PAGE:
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1 of 1 people found the following review helpful
on August 12, 2000
Millitary Small Arms is an excellent reference work on the topic, perhaps among the best I have seen. However, it does have several significant flaws. The first is that many widely distributed guns are left out while some not so well known and well used guns are here (such as the single shot breach-loading 9mm Deer gun). Examples of these are the M40 and M24 sniping rifles, and the M4 carbine (although its picture is prominantly displayed on the cover). The other significant flaw is that Ian Hogg or John Weeks evidently did not write or even closely examin the photo credits. This is obvious when you read the text, which is near perfect, and when you then read the photo captions, which have numerous mistakes. It talks of the SVS when it means the SKS, the "Walther" MP5 when HK made that gun, the "G77" when it means the G11, the "NK36" when it is a picture of the "HK36", the "Colt M733" when it means the XM177E3, "ArmaLite" instead of Armalite, and a half dozen more mistakes. However, returning to my original statement, this book is an excellent reference, IF you could overlook the photo captions.
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on January 18, 2003
For those with a passing interest or an obsession with guns, it may be wise to buy other books before this one. It contains well written write up that includes the history of the weapon, firearms efficiently cataloged by categories according to their countries with a well designed table of contents of an easier time of searching for the firearm and several photographs to entertain the passive reader. I'd also like to add that the index at the back was a very effective way of finding a particular gun and the introductory articles were well turned-out. Although it could have been better with more detailed cutaway photographs of the weapons and the articles could have used some additions beyond the weapons history. It also could have included weapons manufactured by up and coming manufacturers like Arms Corporation of the Philippines that imports well made firearms to the States and other countries. Not a top priority buy in the long list of firearm reference but a must nonetheless.
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on April 15, 2001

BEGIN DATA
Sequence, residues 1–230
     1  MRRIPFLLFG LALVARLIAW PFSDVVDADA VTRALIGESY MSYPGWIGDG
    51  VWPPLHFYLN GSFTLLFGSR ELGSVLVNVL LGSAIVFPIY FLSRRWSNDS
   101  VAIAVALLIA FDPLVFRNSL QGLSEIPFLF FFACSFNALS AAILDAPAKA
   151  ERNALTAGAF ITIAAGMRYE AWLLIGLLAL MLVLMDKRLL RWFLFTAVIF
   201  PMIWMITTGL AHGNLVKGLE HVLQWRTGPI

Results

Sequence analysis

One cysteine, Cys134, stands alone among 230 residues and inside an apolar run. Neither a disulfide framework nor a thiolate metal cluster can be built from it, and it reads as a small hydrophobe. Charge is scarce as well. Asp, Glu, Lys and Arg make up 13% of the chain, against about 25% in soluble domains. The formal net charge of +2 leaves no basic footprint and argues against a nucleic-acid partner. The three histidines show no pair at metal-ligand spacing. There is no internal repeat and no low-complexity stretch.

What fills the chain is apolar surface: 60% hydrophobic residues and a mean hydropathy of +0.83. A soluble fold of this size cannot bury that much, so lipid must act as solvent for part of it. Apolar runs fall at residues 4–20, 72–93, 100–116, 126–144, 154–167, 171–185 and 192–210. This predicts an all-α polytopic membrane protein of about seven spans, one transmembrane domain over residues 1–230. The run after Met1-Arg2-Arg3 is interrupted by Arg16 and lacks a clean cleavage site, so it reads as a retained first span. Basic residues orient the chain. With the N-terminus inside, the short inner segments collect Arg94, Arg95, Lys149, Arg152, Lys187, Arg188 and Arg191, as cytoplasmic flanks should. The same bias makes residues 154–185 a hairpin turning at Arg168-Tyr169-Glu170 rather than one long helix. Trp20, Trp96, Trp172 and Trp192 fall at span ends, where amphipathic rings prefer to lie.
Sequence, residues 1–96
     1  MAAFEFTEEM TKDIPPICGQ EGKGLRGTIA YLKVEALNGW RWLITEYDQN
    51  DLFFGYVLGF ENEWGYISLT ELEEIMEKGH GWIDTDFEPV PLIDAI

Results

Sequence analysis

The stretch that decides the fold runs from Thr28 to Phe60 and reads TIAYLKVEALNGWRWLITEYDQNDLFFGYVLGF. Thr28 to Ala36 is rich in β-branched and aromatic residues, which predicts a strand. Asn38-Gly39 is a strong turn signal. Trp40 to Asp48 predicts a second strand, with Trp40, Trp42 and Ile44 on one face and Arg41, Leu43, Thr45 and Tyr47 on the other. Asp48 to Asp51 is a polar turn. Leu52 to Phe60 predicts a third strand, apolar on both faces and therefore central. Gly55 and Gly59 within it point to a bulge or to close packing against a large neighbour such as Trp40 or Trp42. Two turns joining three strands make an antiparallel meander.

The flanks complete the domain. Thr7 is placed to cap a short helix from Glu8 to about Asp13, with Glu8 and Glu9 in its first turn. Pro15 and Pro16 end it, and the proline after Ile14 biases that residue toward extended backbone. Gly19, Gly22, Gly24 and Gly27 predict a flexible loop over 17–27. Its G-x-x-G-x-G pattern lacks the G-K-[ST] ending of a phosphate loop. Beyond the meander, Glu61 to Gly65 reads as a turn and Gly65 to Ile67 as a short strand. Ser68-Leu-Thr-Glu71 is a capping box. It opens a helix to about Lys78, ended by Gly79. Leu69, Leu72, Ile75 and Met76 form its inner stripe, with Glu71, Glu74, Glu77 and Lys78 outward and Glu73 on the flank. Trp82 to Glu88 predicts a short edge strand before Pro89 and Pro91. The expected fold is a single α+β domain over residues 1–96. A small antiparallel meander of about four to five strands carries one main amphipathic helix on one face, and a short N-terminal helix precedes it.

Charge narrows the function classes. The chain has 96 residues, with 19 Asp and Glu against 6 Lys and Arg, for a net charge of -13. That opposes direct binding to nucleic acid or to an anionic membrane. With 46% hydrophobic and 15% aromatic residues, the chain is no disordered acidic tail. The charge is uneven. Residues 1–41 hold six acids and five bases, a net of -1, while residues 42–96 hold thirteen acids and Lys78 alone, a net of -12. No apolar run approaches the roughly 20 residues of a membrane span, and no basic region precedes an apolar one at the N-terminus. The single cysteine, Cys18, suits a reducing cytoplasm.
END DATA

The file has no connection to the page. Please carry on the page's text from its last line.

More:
I've always enjoyed Mr. Hogg's books. His writing is informative and I find myself refering back to his books time and time again. Though I have a few small quibbles with this edition, some models are left out etc. , for the most part I found it to be a comprehensive and beautifully illustrated reference book. But what I especially like about Ian Hogg is that he's actually rather witty. Hardly what one would expect from a technical reference work, such as this. I've been wanting a copy of this book for many years and I don't regret having spent the money to buy this , the last edition of this series.Hopefully everyone agrees with me.
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on April 12, 2000
This book contains some very useful and interesting information. However, it falls far short of being comprehensive. Although the title is "Miltary Small Arms..." the work contains entries for firearms never adopted by any military, and omits significant military-issue firearms (e.g., the Canadian and British Inglis High Power, the US M4 and M4A1 Carbines, the Colt Model M General Officer's Pistols in .32 & .380, etc.).
The book is still a worthwhile purchase, though one is left wondering why certain obscure firearms were included while too many standard issue firearms were omitted.
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on July 20, 2003
When I purchased this book abut a year ago, I didnt know anything about firearms. I read the whole book and really enjoyed it. The reason i gave this book only 4 stars was because it does miss some firearms (Ian Hogg's health was deterioationg at the time of its writing). With the purchase of Jane's gun Recongnition Guide, written also by Hogg, I found that I was missing very little in my knowledge of military firearms.
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